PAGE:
Well, Niall Tóibín recently died and he played my dad in Jim Nolan’s production of The Salvage Shop. Jim Nolan set his play in The Salvage Shop that my dad and I had. We were like the guinea pigs, role models for how he would structure his play. In the same way the father and son in the play and the father and son in our reality, John Olohan, the actor played the son. He can play me.
Niall Tóibín playing Sylvie Tansey in Jim Nolan’s play The Salvage Shop
And how would you like to be remembered?
From a monumental point of view, it is what I leave behind me in terms of my art that will live on. But somebody recently said to me at a funeral, actually, it was Pat Hennessy, the undertaker, at Miranda’s mother’s funeral a couple of weeks back. I asked him something because he’s an undertaker.
So, I do a lot of memorials for groups or families that have been bereaved; I’d facilitate group art or sand art, whatever. I have delved into my own spirituality in terms of how to facilitate that kind of thing with other people, to share a celebration of someone’s life or the sorrow of someone’s passing. I asked Pat Hennesy about how he saw the afterlife, and he quite simply said that he isn’t a big church goer but that he will live on in his children and his grandchildren. That for me stuck a chord, I thought it was so beautiful.
No matter what we do in this life and if we have the opportunity to have children, and they have the opportunity to have children, all those things we can pass on to the next generation.
How do you use art to facilitate people getting over things – do groups of people come here to the art school?
These days we are able to pick and choose, I know that sounds a bit cocky but ten years ago, when we opened The Art Hand, it was at the height of the recession. What do you need in a recession? You don’t need art! It’s the last thing on your list. That’s why we said we’re gonna open an art school, teach kids and bring groups together, and do all kinds of things for children and adults. We developed a reputation for ourselves through the work that we were doing – collaborative art, different projects in schools.
In the last year or two, with environmental art and the beach art, we’ve been able to pick and choose the projects we take on. So we only take private groups now. If a group of friends or a family group want to do a collaborative mosaic or a beach project, we’ll facilitate that but we don’t advertise events where we look for people to take bookings anymore.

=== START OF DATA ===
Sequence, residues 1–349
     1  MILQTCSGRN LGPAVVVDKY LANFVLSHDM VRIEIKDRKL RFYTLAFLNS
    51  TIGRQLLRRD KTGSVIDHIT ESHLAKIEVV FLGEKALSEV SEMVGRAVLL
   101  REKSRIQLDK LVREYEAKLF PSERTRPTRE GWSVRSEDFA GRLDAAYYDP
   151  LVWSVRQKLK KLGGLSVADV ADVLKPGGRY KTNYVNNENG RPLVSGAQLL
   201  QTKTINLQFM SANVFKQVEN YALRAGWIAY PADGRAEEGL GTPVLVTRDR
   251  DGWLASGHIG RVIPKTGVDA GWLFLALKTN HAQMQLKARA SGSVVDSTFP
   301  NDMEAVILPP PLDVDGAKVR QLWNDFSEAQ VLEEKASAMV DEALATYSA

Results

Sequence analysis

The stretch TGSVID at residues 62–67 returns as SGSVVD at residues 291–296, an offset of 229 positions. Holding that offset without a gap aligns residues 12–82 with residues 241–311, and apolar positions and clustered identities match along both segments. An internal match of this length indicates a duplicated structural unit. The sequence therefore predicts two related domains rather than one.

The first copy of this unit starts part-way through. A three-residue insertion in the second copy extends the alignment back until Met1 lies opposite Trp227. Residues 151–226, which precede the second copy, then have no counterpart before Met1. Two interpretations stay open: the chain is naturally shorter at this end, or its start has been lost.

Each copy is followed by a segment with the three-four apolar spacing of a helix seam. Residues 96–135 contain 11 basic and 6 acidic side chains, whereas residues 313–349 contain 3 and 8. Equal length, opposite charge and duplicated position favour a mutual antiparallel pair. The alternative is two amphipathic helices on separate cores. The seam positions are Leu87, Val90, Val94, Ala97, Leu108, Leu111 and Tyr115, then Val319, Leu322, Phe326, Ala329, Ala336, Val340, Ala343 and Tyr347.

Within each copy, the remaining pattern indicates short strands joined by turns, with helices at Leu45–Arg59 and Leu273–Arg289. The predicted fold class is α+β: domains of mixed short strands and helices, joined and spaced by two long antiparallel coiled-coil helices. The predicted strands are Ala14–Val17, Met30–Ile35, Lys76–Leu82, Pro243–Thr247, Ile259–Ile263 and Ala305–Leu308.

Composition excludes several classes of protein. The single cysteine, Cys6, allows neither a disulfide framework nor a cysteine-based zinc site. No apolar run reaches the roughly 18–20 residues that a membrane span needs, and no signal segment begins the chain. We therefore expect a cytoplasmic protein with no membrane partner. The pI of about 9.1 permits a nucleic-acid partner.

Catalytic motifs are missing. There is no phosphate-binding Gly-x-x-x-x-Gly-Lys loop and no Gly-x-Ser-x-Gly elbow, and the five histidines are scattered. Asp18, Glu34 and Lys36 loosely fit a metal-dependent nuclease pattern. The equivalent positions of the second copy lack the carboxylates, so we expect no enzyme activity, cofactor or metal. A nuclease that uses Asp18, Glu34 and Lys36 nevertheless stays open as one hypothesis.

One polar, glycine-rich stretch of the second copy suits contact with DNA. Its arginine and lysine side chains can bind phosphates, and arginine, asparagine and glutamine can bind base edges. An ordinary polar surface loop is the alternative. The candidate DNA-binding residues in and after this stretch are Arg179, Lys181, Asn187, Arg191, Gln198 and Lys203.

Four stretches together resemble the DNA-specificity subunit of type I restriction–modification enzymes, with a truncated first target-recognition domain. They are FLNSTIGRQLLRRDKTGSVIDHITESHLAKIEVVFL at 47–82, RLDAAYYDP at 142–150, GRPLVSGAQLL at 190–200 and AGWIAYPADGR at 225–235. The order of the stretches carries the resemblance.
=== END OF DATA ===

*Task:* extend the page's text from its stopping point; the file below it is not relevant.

Between now and next September, I’m personally not available to take on any projects. I have a book to be completed for the library for next March. A lovely project that I’m doing with migrant families that’s an art project that culminates in a book. Then I’m off to Texas for two weeks and then off to the forest in Curraghmore for the All Together Now Festival to do forest art there in August. We have maybe seven or eight smaller one-day projects already booked in. I literally couldn’t take on a project now. Had you said that to me five years ago, it was ‘When can I start?”
My wife Miranda, she returned to painting, she hadn’t painted in fourteen years since we had the children ‘cos of the fumes off the paint and stuff and we were too busy trying to earn a living. Teaching was the easiest way during the recession. She has just had a couple of pop-up exhibitions lately. People look at us as having the idyllic life, we have the ‘artist’s retreat’ or ‘we’re the luckiest people in the world’. You know we work really hard, but now it’s paid off. Getting paid to do what you love to do.
Sounds like the dream job!
It surely is. I was with Green Party councillor, Marc Ó Cathasaigh doing a piece. We were down on the beach, being pelted by the rain and Marc asked: “Are we finished now?” and I said: “No, no, we gotta mark out all these!” and he told me I had the best job EVER. That kind of struck a chord with me. We carried on with what we were doing and the sun eventually did come out. Not when we hoped but yes, sometimes I have to pinch myself and think, “Jesus this is great, being paid to do what I love.”
Any advice for young people today who want to get into something like this?
I’m working with about 16 migrant families from all over the world – Syria, Sudan and the potential that is in some of these people that are now living in Ireland is phenomenal, right? We all have this thing where, when someone doesn’t speak English as fluently as us, we seem to think that they’re not as smart as us. But some of these people are latent with knowledge and skills and potential.
I really do like to encourage people to look at the positive. The Facebook page I’m involved in ‘I am Waterford‘ – the whole ethos of that group that I’m the admin of is sharing pride and positivity. If there was one piece of advice I could give anyone, is that if there’s a problem to be solved or try to find a solution that needs fixing, try and change the dynamic of it for a second and think of it in a positive way even if we can’t all be confident. It’s that shift in behaviour, so for a young person, get out there, be proactive. I am competitive but I’m only competitive with myself. I always try to make something better. That’s why art school took so much out of people in the past.
If you become too aware of what’s been made before you, then you’re looking back, not forward. So I would say to people to get up, get out, make stuff, be happy with it and move on and make some more stuff.
Check out The Art Hand’s Facebook page here.